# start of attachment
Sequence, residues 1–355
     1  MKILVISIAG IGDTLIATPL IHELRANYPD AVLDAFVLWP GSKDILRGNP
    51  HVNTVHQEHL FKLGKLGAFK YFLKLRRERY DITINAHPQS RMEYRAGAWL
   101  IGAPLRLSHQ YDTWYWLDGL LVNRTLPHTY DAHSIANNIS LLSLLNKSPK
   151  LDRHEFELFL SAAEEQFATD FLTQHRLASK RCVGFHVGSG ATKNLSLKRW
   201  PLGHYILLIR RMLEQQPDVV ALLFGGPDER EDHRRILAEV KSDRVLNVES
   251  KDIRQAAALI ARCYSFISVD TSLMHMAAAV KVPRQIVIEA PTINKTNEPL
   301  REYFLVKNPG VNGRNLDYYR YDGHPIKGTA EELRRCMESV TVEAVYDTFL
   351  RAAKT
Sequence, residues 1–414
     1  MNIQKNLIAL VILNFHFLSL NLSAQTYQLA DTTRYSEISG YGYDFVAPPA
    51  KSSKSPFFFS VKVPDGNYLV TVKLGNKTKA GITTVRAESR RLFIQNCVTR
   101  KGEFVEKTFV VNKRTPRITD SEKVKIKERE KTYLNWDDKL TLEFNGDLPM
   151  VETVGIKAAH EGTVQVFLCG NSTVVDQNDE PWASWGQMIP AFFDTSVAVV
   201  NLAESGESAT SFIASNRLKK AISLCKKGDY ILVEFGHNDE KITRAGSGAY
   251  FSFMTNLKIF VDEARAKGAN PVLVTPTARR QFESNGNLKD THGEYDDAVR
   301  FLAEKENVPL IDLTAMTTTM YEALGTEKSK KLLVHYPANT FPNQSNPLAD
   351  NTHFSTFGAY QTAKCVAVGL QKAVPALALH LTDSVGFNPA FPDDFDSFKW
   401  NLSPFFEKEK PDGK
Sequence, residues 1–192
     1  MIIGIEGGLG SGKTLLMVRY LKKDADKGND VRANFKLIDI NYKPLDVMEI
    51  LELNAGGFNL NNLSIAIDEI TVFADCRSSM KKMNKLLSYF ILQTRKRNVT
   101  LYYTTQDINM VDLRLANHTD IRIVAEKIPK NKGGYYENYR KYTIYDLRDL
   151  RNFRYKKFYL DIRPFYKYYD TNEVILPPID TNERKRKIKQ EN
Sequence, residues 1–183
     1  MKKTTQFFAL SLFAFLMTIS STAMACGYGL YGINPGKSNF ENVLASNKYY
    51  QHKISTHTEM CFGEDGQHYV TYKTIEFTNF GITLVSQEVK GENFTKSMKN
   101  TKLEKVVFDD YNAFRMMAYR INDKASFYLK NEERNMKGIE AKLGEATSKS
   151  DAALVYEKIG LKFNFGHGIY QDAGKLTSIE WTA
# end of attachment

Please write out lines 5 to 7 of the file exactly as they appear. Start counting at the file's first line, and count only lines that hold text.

   151  LDRHEFELFL SAAEEQFATD FLTQHRLASK RCVGFHVGSG ATKNLSLKRW
   201  PLGHYILLIR RMLEQQPDVV ALLFGGPDER EDHRRILAEV KSDRVLNVES
   251  KDIRQAAALI ARCYSFISVD TSLMHMAAAV KVPRQIVIEA PTINKTNEPL